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Event lets dogs on Hawk’s Tail course

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GREENFIELD — Face it: It’s been a tough winter, and nobody understands that better than the family pooch, who’s spent the past six months conducting business outside without a scarf.

Boomer gets a break this Saturday with the chance to air it out under the sun at the Hawk’s Tail Community dog walk to benefit Greenfield/Hancock County Animal Management at Hawk’s Tail of Greenfield golf course.

Golf course superintendent Scott Markle said Hawk’s Tail will open its back nine holes to area residents and their dogs for an afternoon of leg-stretching.

“Our entire back nine is about a three-mile walk,” Markle said, “so we’re inviting everyone out to experience the beauty of the golf course, get some exercise and enjoy the vendors.”

Leashed dogs can lead their owners along the cart path from holes 10 through 18, and there’s a shortcut available that will cut the trek down by about a third, he said.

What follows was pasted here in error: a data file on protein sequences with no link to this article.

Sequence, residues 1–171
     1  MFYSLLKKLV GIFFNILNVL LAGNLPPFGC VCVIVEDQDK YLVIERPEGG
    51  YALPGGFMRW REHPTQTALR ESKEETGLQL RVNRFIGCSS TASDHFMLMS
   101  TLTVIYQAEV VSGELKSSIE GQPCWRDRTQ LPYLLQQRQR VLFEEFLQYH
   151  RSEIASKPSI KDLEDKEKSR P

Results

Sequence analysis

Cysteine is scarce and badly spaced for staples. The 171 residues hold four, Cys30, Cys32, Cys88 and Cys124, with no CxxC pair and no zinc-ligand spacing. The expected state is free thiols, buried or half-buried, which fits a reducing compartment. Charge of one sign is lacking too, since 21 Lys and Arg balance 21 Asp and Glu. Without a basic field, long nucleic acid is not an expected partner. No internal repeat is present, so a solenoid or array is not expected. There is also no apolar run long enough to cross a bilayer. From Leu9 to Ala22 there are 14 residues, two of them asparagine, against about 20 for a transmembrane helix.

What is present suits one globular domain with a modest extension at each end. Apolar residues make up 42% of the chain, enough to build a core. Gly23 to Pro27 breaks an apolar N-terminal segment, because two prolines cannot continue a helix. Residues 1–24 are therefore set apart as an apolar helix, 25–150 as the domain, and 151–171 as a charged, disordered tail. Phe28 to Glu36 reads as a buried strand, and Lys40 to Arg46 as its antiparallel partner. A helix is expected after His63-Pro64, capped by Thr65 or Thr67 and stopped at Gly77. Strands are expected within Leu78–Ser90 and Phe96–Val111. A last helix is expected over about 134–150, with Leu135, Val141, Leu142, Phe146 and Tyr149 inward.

There will be more to the afternoon than a good walk spoiled, as the game has been labeled, with members of the Greenfield Police Bike Patrol, the 911 emergency van and law enforcement K-9 units making appearances.

Additionally, the Hancock County Search Dogs, a local volunteer search dog organization, will perform by sniffing out and locating a hidden volunteer somewhere on the course.

Hot dogs and hamburgers will be served, and for those who can’t resist swinging something shiny for the new links season, golf demo equipment will be available for try-ons.

In addition to raising money for animal management on a free-will donation basis, Markle said the event will also highlight the course as it moves into the 2014 season.

Originally established as Greenfield Country Club in 1927, the facility changed ownership in 2009, took on an extensive facelift and became a public course.

For owners with dogs whose temperaments have grown itchy and irritable over the long winter, Shirley dog training specialist Steve Lackey will also be at the course Saturday to answer questions and give advice.

Curtis Dyer, kennel manager for the city-county agency, said it will gladly accept whatever support the public can give.

“We’re very happy,” Dyer said. “It all benefits the animals, and that’s what it’s all about.”

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